My Experience of the Excellence in Central Government Event
It’s always interesting when you get a group of digital professionals together. When you get them together at a hotel, for a conference, and an overnight stay – you really start to understand each other. Funnily enough, it’s not at the lectern that you learn about them, but it’s at 1 am in the bar, whilst you’re queuing patiently for breakfast or when you share an understanding chuckle with someone clearly experiencing the same uniquely government-based challenge as you.
What struck me most this week, when I was asked to present at the Excellence in Central Government event at Wotton House, was that other digital leaders in government share the same nuanced feelings about implementing digital change as I do: a sort-of cautious optimism, coupled with a sometimes overwhelming sense of the scale of the challenges we face.
At first, it would seem these are almost contradictory: how is it possible to be both excited and daunted by something at the same time? But, for me, it is in our thorniest challenges that our greatest opportunities lie.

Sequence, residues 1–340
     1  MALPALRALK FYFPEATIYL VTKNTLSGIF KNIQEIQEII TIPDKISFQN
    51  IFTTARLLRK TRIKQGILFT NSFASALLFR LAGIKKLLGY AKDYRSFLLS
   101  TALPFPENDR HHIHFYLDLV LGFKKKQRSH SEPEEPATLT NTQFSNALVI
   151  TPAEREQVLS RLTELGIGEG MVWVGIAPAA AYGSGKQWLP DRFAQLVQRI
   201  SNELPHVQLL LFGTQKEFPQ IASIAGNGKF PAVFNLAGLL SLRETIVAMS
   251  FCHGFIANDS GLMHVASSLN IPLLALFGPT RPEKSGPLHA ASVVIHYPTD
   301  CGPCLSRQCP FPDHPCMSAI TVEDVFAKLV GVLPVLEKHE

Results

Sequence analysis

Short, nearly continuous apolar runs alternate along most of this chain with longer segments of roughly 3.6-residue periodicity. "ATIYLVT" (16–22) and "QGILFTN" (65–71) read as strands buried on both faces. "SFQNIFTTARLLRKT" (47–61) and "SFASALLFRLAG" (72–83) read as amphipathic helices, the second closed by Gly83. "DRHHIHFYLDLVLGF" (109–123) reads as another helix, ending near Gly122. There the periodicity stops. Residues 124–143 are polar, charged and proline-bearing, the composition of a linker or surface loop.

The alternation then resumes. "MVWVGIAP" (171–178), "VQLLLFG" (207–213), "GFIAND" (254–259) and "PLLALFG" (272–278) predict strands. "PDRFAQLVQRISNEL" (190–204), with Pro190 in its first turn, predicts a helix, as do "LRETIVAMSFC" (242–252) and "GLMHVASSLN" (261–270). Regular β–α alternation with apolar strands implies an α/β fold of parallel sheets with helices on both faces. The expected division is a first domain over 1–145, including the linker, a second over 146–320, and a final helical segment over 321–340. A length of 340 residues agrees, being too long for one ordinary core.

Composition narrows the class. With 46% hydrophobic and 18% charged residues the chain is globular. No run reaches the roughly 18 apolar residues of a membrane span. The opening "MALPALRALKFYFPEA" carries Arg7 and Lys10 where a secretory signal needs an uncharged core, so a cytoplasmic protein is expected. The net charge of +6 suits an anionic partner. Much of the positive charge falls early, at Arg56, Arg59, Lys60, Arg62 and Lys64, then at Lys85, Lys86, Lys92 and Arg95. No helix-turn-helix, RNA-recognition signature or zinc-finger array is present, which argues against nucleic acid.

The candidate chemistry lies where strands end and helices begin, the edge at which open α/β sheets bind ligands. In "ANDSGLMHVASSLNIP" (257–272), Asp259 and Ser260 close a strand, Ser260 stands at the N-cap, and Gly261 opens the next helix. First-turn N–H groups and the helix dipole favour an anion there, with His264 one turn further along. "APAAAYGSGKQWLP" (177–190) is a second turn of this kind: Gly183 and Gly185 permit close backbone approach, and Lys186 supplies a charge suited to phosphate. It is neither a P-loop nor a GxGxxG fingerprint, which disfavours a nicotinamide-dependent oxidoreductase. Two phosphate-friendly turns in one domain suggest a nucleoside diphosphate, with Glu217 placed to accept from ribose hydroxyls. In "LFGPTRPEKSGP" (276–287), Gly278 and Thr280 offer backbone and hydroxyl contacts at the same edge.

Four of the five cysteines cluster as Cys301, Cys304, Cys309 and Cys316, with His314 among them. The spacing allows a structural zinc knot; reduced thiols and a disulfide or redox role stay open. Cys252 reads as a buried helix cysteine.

Let’s take data for example. I think that every other presenter at Wotton House mentioned this as a challenge. At the MoJ, we carry so much data that is untraceable, out of date, and expensive. We have warehouses up and down the country filled with boxes and boxes of paper-based data, gathering dust. This is not where we want to be in 2022. It is a challenge.
But, as we know, clean, digital and joined-up data can be enormously valuable for keeping our staff and users safe. Every day, 21 prison officers are assaulted by inmates. We could cut this number down drastically if we had proper insights on prisoners and the tech to make these insights known to prison staff, for example.
The same is true when we think about capability. “There’s never been a more exciting time to work in digital” one of my fellow speakers said – which is absolutely true. I love working in this space precisely because it is so dynamic and forward-looking. And, at the same time, the pandemic and the enormous upswing in demand for digital people has meant that government departments – doing such valuable and often life-changing work – can’t always compete with our private sector counterparts.
So, how do we move forward? How do we deal with the conflict of challenges vs. optimism?
Answer: we don’t see it as a conflict. We see the great opportunities within the challenges we face – the synergy between those things that hold us back and those things which drive us forward. And, crucially, we continue to build teams of motivated, value-driven people who see these challenges and say “right, what’s the opportunity here?”.